The children grappled with each other inside her, and she thought to herself, if this is so, why do I exist? So she went to ask that of Adonai.
And God said to her: two nations are inside you; / two will branch off from each other, as they emerge from your womb. / One shall prevail over the other; the elder, serve the younger." (Genesis 25:22-24)
On the surface this appears to be a text about Rebecca and the twins battling in her womb. But the Torah is also a map for our own spiritual development, which means that this is also a text about each of us.
Our sages teach that each person has two inclinations or urges: the yetzer hatov (good inclination) and the yetzer hara (evil inclination.) This is inherent in our nature as human beings.
[Remember that, for our sages, the yetzer hara is an integral part of creation. In midrash we read that when the sages imprisoned the yetzer hara in a cage for three days, no eggs were laid throughout the land. Which is to say: without the yetzer hara, there's no generative impulse.]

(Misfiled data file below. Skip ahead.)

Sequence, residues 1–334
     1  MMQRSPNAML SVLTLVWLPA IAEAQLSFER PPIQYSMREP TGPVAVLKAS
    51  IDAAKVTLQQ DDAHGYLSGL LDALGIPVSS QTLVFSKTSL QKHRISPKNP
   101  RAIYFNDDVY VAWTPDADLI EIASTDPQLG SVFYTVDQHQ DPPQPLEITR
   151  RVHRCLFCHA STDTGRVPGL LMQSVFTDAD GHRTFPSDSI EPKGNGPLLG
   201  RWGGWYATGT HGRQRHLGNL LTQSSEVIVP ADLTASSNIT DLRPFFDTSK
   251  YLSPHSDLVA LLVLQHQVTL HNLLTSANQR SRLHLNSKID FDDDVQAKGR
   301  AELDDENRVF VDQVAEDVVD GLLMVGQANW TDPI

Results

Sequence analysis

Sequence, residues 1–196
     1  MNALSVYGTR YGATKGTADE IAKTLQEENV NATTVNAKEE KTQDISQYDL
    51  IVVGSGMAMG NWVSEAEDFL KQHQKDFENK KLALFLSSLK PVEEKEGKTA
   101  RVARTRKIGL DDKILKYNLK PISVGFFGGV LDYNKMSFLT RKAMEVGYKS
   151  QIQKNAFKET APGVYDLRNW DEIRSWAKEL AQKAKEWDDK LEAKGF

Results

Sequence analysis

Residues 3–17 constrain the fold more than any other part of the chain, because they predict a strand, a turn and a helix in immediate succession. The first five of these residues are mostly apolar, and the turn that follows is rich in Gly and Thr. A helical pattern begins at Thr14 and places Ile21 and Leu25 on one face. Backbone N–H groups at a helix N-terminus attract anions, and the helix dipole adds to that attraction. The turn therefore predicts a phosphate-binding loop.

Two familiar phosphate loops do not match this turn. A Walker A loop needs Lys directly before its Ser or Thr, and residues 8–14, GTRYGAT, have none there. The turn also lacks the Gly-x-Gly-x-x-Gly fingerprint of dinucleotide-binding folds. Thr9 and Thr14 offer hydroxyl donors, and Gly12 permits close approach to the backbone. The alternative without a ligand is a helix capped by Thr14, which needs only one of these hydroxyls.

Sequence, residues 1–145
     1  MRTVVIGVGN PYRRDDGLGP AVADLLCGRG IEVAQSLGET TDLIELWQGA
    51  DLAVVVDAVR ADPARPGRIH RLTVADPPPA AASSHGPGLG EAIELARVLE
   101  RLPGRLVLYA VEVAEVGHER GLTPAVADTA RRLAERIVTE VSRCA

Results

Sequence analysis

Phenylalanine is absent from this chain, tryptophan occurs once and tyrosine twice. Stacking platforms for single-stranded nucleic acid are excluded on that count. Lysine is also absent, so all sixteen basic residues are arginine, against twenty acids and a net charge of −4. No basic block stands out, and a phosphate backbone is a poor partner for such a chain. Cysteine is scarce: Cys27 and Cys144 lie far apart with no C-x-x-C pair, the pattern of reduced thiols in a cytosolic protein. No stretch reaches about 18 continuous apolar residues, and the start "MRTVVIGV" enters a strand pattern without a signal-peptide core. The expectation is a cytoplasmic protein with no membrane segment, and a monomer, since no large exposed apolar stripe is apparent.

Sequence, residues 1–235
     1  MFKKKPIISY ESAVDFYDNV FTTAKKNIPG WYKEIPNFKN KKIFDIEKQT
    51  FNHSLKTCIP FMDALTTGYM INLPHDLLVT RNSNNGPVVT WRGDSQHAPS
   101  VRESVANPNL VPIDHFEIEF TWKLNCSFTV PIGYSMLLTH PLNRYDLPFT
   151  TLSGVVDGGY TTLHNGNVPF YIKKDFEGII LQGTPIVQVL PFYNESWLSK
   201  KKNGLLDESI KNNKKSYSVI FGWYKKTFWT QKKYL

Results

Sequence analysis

But the yetzer hara can also lead us in bad directions. Sometimes when we pause to do the work of discernment, we discover that we're not acting out of a place that's elevated or useful; instead we're acting out of selfishness or fear or anger. One who makes such a discovery about themselves might offer the same existential cry that Rebecca did: "if this is so, then why am I here?" Why am I even alive in this world, if I'm not living out the best self I can be? What's the point?
But we can engage in practices which strengthen our yetzer hatov, our good inclination. We can be mindful and attentive to that within us which is driven by our bad impulse, and with our attention and energy can transform the bad into good. As it says in Psalms, "Turn bad into good." Increase your ability to take the yetzer hara which is within you, and invert or transform it into yetzer hatov.
When you do this, your yetzer hara will surrender and your yetzer hatov will emerge triumphant. And then it will be possible for you to really serve the Holy Blessed One, even with those aspects of yourself which feel linked to your yetzer hara.
(Gently adapted from the Degel Machaneh Efraim, the grandson of the Baal Shem Tov.)
This will be the Torah study text at my shul this Shabbat after our contemplative service, and I'll bring along some questions to hopefully spark our conversation. But I think this is one which merits thinking about for more than just one morning, so I'm sharing it here too. I welcome any responses y'all have to offer.